I periodically battle with SME clients who argue that no one really would want to “hack” their organisation – they are simply too small or too insignificant to warrant the effort. I suspect I am not alone and that many other advisers on IT have the same trouble persuading their clients of the very real risks they face.
The argument that is often recited is that when the partner or director was employed elsewhere, their previous firm was much slacker with their IT security and had no problems whatsoever. The issue, of course, is that the goal in hacking has changed from destruction to utilisation. The aim is to take unseen control of the computing resources of an organisation and to use those resources for crime. It simply doesn’t surprise me that there never are any signs of compromise!
The BBC recently reported that security firm Finjan had tracked down a botnet with over two million machines under its control to a group of criminals working in the Ukraine. This particular botnet had even ensnared computing resources inside both the UK and US governments, which in itself raises concerns.
I suspect that firms that take few steps to lock down their workstations will have background malware undertaking all sorts of malicious activities. These infections will probably have managed to enter their sites via the web or email, which is increasingly carrying malicious content.
The so-called drive-by attacks using infected third party web sites is particularly worrying. Few organisations seem to scan inbound data over the web for vulnerabilities, partly because of the impact on browsing speeds that this would have. Those organisations that then don’t lock down their desktops so users cannot install software run very real risks of users innocently and unknowingly installing something they really don’t want. Once such software is on the inside of the firewall, most SME organisations simply have little or no defence, especially if the software is not strictly considered a “virus” and ignored by their anti-virus product.
A technical colleague in another firm drew my attention recently to Sophos’ Security Threat Report 2009, which provides examples of firms that have suffered attacks on their web sites. Some of these web sites would have posed risks to casual browsers of those sites as well as to those who had previously provided them with confidential information.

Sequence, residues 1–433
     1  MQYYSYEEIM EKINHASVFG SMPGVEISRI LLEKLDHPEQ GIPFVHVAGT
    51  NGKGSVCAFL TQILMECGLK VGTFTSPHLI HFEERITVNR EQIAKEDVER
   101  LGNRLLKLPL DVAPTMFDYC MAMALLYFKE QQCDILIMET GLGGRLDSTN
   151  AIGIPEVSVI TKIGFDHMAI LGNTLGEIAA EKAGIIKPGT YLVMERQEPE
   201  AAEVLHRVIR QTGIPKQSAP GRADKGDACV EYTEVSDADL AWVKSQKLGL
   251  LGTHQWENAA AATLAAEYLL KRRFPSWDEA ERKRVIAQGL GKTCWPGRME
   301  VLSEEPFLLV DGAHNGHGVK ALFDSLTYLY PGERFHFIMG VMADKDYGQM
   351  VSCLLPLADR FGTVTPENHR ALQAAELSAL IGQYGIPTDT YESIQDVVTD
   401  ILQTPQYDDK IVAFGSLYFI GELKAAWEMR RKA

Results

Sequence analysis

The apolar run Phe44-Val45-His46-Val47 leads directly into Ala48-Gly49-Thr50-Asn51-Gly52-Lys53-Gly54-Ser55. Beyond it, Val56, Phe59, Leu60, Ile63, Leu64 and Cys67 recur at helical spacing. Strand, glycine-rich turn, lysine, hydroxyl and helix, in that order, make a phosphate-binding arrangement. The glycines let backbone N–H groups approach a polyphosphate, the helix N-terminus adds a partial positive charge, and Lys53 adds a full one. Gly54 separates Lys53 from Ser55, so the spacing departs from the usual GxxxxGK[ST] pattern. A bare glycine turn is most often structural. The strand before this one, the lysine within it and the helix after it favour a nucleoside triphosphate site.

The list included such well-known names as ITV, a site selling Euro 2008 football championship tickets, the anti-virus firm Trend Micro, Cambridge University Press, Sony’s US Playstation site, the Association of Tennis Professionals’ web site as Wimbledon opened in the UK in June 2008 and the Business Week web site.
Unfortunately, I doubt few SME business leaders that have small (if any) indigenous IT staff will actually ever get to read it.
However, the difficulty simply persists that many SME organisations believe that no symptoms means no underlying problems. I can see their dilemma – a bunch of (often external) IT professionals becoming excited about dangerous threats and advocating the spending of money in a recession is far from appealing, especially when the risks from a naïve perspective seems minimal.
I was recently a guest at The Institution of Analysts and Programmers Spring Seminar in the London Docklands at which Microsoft’s Chief Security Advisor in the United Kingdom, Ed Gibson, spoke. He is an engaging speaker, an attorney in the United States and a practising solicitor in England and Wales, as well as a former FBI agent. He has for sometime been trying to raise awareness of these issues in the United Kingdom.
While listening to him and while mulling over his thoughts at the (excellent) lunch that followed, I believe that we really do need some form of reliable reporting mechanism for attacks of the sort documented by Sophos and these need to become highly publicised, even if in an anonymous form.
SME business leaders need to have independently verified facts about the IT security risks they face that are both readily available and easily digested; and in a form that brings the message home.